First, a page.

“My Favorite Things” is also a great song to get students talking about things they enjoy. Have them adapt the song to their own favorite things. You can either have them write out the song themselves or give them sheets with blanks to fill in.

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“Somebody That I Used to Know” by Gotye and “Call Me Maybe” by Carly Rae Jepsen

Teaching Point: Past constructions

Use “Somebody that I Used to Know” or “Call Me Maybe” to review different past constructions with intermediate students. Lyrics like the following allow them to think about which past tense is appropriate to use and why:

No you didn’t have to stoop so low
Have your friends collect your records and then change your number
I guess that I don’t need that though
Now you’re just somebody that I used to know

(From “Somebody that I Used to Know”)

I wasn’t looking for this
But now you’re in my way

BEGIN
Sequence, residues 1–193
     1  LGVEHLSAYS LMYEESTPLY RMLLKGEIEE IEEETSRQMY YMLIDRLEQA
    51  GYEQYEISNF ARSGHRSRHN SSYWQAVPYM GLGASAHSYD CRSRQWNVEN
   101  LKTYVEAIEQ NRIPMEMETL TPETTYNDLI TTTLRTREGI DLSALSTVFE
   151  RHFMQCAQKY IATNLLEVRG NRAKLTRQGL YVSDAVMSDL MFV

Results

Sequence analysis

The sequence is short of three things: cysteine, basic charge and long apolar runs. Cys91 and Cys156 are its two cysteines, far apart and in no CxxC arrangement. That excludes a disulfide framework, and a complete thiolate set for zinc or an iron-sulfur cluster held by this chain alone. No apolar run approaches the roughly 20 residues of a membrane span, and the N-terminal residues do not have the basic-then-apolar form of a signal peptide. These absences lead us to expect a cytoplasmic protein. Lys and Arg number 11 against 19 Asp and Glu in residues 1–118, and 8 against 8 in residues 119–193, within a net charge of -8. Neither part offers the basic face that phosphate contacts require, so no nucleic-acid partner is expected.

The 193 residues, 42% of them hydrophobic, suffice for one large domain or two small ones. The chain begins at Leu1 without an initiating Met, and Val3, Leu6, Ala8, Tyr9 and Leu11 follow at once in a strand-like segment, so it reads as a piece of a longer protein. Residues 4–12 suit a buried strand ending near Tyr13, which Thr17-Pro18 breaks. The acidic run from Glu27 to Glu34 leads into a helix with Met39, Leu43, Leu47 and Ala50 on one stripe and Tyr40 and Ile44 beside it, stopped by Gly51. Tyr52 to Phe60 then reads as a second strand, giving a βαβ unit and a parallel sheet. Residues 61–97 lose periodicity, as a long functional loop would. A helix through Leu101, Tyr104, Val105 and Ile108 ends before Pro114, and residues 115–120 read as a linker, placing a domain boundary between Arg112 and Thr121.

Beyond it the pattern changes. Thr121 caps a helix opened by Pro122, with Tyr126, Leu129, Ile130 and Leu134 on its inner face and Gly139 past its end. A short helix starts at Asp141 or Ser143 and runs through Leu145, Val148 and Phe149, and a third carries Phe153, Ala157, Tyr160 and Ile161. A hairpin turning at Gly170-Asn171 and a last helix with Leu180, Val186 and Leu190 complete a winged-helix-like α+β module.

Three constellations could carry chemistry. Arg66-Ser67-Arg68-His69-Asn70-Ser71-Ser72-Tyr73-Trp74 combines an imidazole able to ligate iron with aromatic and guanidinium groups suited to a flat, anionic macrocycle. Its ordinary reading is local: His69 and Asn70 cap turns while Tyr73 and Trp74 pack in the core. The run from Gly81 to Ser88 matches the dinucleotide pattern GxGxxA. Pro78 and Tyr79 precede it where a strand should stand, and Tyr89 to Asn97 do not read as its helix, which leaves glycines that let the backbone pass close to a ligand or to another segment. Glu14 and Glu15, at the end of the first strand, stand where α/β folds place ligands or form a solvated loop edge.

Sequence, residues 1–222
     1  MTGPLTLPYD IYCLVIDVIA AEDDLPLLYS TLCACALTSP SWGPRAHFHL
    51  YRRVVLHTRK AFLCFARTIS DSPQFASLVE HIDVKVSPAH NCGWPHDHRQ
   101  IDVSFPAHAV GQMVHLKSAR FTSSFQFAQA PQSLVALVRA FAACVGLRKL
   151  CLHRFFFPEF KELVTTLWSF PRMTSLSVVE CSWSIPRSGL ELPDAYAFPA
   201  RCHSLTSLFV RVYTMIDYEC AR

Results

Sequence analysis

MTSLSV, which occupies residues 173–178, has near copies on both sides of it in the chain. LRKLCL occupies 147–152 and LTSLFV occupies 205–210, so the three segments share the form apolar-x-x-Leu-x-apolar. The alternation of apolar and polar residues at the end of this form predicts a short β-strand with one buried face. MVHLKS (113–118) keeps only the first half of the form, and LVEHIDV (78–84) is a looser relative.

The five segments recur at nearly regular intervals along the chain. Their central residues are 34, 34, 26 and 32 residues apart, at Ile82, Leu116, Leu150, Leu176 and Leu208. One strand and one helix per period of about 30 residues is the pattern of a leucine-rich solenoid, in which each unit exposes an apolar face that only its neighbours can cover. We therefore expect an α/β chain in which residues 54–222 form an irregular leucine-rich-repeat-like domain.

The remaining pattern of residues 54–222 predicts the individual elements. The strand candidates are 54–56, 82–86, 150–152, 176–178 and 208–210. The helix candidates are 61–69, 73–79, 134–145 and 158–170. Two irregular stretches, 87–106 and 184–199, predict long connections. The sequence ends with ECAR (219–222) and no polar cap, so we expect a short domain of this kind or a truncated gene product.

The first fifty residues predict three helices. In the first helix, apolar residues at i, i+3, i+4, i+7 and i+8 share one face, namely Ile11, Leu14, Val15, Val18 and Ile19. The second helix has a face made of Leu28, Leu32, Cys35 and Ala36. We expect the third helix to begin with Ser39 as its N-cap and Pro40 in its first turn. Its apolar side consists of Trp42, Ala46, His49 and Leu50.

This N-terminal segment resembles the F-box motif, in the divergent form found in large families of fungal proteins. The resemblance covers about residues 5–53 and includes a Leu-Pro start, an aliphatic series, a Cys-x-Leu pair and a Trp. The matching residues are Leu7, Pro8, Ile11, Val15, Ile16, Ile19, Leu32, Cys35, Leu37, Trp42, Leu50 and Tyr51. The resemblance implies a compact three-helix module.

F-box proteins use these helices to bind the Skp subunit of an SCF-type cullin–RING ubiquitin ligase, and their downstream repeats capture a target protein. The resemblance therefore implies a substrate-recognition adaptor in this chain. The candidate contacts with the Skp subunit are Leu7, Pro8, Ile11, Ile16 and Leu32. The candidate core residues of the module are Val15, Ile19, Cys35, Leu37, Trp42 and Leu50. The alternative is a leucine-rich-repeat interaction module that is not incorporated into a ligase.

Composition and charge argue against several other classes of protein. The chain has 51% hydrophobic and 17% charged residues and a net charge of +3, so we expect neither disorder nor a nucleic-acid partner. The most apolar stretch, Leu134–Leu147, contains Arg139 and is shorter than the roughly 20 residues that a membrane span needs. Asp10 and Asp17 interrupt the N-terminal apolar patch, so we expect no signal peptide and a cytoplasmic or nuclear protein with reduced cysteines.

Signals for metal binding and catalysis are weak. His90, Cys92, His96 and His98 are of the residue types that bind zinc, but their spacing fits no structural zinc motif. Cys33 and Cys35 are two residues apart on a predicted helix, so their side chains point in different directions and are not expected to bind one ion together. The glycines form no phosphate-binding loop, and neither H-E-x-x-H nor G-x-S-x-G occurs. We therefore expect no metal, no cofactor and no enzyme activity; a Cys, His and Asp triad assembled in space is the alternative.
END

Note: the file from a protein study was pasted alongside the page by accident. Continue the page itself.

Your stare was holding
Ripped jeans
Skin was showing

(From “Call Me Maybe”)

To use these songs efficiently, make worksheets in advance with the lyrics printed and the appropriate past construction removed. Replace these removed past constructions with a blank, accompanied by the infinitive verb in parentheses. Students should fill in the correct answer. Once they’ve finished, verify answers by playing the song (and encourage them to sing along!). 

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“All My Loving” by The Beatles

Teaching Point: Future simple

“All My Loving” uses the auxiliary “will” construction in the future fairly consistently, making it ideal for practicing this future form. Make a worksheet as you did for the last exercise, replacing future tense conjugated verbs with blanks and the infinitive verb in parentheses.

This exercise is ideal to use with false beginners (beginners who have studied English before and forgotten) to remind them of the future tense, as well as for intermediate learners who just need a bit of practice.

“Counting Stars” by OneRepublic

Teaching Point: Verb tense review

“Counting Stars” is a fantastic way to do a general verb review using the same fill-in-the-blank exercise we discussed above. The song is perfect for this exercise because it features the past progressive (“I’ve been losing sleep”), future (“we’ll be counting stars”), present, (“I see this life”) and present progressive (“life swinging”)—and that’s all just in the first two stanzas!